After all, that is what we wanted, because we did not like pesticides. After analytics is able to detect more than 650 different pesticides at µg level or even sup µg level, European legislation has become stricter. In consequence many farmers in the origin have learned. Slowly pesticide discussions are starting to settle: only some origins, only some products and the area of organic products – where regulations are even stricter – pesticides are in discussion. Meanwhile more notifications on allergens are reported in the European Rapid Alert System on Food and Feed (RASFF), than on pesticides.

Surely a positive development: but there is another side of the coin. Herbicides pertain to pesticides. And herbicides prevent for weeds. Since farmers do use less pesticide, herbicides can multiply again.

PAs – a Result of Cultivation?

It is in the nature of things: not all of our spices are affected by PAs. Only those who grow near the ground in the fields: means herbs or seeds for example. Spices growing on trees or as panicles, as roots or as barks are not involved according to today’s knowledge.
Vulnerability to contamination is – as far as our experience goes – different and depended on whether planted in big fields or small plots. Contaminations with PAs are most common, where plots are small. There is mostly less space for paths to do the weeding. Furthermore there is less distance to the neighboring plots and their weeds. Of course wild growing herbs could be contaminated, too. Sometimes it is even a question of origin: up to now there are no PAs found in products out of Ukraine, where fields are large.
Already in 2014, CODEX Alimentarius developed a Code of Practice for Weed Control to Prevent and Reduce Pyrrolizidinalkaloide Alkaloid Contamination in Food and Feed. Therein it is recommended to implement a weed management on farm level as a combination of non-chemical and chemical processes, to achieve the maximum impact.
Sage tea served outside

PAs – and health based guidance value

Different institutions, as WHO for example, had created a risk-evaluation model, which enables us to assess the risk of PAs in different products. The Health Based guidance value (HBGV) is a health related benchmark, based on a maximum daily exposure of 0, 1 µg /kg for a person weighing 60 kg.
Bowl of honey with dipper in field of flowers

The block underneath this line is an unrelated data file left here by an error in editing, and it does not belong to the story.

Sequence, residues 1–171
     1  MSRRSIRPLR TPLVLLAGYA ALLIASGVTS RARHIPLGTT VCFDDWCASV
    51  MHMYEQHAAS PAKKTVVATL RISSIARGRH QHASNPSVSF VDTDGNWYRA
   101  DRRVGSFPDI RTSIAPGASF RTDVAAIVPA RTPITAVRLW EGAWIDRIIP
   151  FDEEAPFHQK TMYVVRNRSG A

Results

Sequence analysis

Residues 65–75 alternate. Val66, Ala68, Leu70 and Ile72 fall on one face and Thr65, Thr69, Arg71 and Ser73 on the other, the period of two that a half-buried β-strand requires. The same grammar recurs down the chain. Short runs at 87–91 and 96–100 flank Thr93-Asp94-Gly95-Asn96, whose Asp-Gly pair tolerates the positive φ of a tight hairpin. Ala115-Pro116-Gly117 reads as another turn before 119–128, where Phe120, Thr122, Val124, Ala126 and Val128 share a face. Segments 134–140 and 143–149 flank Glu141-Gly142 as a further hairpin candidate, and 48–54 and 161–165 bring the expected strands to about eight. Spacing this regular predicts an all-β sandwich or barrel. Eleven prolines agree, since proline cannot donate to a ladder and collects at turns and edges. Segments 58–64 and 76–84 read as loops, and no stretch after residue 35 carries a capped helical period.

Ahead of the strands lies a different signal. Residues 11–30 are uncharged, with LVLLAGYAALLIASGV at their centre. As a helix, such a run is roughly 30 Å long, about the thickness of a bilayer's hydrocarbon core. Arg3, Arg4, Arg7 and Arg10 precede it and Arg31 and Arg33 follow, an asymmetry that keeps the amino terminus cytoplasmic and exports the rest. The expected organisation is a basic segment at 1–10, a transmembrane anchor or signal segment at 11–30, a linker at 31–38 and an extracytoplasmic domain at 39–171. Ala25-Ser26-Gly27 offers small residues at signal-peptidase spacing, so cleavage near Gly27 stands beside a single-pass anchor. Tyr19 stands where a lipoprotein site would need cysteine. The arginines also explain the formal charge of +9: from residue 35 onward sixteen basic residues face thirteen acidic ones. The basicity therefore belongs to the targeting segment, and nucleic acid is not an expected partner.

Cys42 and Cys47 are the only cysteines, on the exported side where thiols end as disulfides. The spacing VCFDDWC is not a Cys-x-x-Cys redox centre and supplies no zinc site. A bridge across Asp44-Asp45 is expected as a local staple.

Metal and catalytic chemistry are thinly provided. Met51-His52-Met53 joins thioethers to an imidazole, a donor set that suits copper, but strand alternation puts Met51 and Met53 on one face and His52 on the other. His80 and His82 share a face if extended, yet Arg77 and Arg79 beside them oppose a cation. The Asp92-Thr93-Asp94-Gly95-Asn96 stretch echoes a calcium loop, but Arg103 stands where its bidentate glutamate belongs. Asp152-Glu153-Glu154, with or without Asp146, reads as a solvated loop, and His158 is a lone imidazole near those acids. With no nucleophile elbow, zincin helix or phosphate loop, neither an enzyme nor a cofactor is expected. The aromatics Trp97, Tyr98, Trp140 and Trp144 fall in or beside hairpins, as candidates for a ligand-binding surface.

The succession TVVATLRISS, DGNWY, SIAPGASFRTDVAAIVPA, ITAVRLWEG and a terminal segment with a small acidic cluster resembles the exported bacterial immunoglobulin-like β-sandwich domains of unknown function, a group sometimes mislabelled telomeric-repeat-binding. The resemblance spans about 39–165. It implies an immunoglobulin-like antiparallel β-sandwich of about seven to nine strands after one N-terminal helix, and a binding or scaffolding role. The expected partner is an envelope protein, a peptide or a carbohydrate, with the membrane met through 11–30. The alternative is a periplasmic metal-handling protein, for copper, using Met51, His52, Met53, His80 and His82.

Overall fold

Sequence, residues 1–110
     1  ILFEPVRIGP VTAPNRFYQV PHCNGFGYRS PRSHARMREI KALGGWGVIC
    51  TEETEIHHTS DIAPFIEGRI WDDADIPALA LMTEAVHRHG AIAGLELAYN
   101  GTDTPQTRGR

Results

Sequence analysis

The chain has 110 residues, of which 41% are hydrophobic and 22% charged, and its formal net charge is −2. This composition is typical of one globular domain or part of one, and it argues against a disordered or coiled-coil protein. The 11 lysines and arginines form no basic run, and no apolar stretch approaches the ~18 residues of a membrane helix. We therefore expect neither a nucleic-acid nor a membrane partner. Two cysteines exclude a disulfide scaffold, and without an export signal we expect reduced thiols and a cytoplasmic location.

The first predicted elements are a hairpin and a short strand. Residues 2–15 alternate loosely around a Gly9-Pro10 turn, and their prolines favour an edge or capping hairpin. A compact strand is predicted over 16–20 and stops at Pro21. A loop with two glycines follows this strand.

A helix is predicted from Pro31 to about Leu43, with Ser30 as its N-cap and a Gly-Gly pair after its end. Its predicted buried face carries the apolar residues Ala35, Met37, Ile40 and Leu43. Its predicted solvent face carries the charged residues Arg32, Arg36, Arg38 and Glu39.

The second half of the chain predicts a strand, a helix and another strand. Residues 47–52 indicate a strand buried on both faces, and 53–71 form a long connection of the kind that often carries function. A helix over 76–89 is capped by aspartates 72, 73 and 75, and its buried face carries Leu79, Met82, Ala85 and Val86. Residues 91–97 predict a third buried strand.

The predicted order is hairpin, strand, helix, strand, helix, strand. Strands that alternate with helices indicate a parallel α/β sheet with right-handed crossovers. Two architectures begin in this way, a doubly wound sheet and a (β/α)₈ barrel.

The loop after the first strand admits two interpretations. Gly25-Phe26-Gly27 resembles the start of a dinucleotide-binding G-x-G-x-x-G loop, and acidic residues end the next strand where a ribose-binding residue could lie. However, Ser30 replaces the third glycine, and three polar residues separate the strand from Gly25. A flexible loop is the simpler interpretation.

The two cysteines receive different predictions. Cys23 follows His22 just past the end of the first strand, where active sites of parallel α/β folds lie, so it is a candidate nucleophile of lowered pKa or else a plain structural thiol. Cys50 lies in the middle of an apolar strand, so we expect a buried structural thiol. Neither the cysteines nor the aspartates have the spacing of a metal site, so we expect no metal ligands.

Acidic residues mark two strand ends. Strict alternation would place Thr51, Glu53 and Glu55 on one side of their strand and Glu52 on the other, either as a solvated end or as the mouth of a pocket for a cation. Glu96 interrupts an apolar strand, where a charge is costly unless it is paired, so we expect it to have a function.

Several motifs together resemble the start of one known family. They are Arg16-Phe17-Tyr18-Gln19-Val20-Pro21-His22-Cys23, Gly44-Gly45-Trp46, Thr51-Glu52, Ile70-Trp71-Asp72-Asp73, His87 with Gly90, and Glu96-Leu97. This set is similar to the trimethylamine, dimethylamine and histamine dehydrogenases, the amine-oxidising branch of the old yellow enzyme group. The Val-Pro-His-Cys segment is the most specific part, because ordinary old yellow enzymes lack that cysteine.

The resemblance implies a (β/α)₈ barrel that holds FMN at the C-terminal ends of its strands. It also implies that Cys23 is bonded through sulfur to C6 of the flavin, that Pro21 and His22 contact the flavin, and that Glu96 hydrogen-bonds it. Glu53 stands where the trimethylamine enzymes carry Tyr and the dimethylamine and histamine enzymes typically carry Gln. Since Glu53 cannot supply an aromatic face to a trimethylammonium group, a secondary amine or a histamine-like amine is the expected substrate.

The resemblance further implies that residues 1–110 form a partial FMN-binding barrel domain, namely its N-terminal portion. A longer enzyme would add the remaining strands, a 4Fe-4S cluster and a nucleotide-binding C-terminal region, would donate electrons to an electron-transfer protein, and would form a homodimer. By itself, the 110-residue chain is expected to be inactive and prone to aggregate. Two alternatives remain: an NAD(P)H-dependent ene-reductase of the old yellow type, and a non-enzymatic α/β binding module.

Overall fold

In concrete terms that means that if PAs are found, the risk has to be assessed using a toxicological calculation.
Example calculation:
Content of PA in a spice 764 µg/kg
Taking into consideration an adult, (of 60 kg weight) will have an intake of 5 g of this product, would result in 3,82 µg Pyrrolizidinalkaloiden intake per day.
The result is below the recommended intake of 6µg related to a 60 kg weighing person.
Don’t become confused
Currently there is no legislation and there are no limiting values on PAs, neither in teas, nor in honey nor in spices. According to the new National Consumption Study 2, conducted by Max Rubner Institutes, we know than men are consuming 33 g and women 24 g/day on spices and sauces. Taking into consideration that warm and cold sauce, fruit sauces, ketchup, vinegar, mustard and spices are contained in this group, obviously only a small part of this are spices.

A Norwegian study of 2007 gave first indications on frequencies and quantities of monthly intake of different spices. Essentially it was about comparison of two statistical methods (FFQ and HSR). The result showed that the human intake of spices is very small.[3]

Monthly intake of Spices
Results of further studies – i.e. results of a large-scaled Chinese Study carried out between 2008 and 2012 with half a million participants, states that the regular intake of spices may lead to extended life expectancy. The study showed that the regular consumption of Chili leads to decreased mortality of 14 % [2].

Even today, spices as Turmeric are known as positive for health. It has already been part of traditional Chinese medicine and Chinese dietetics for thousands of years. Since many years, spices and herbs apply to homeopathy and ayuveda, as well.

In the light of new scientific evidences and better analytical methods, more and more horrific news arise. But we should not panic. After all the knowledge of PA in spices is actually based only on 40 samples. It is hard to assess and rate the risk of PAs from spices. According to first insights there are some seeds and herbs from some countries involved. To be sure of that, it is now of importance to gather as much analyzed datas as possible
[1] Birgit Will, Schädlicher Wildwuchs, LZ 41, 14. Oktober 2016, S. 34 ff.
[2] http://www.bmj.com/content/351/bmj.h3942″
[3] M.H. Carlsen, R.Blomoff and L. F. Andersen, Intakes of culinary herbs and spices from a food frequency questionnaire


All data given are according to our todays knowledge or opinion. They are without obligation.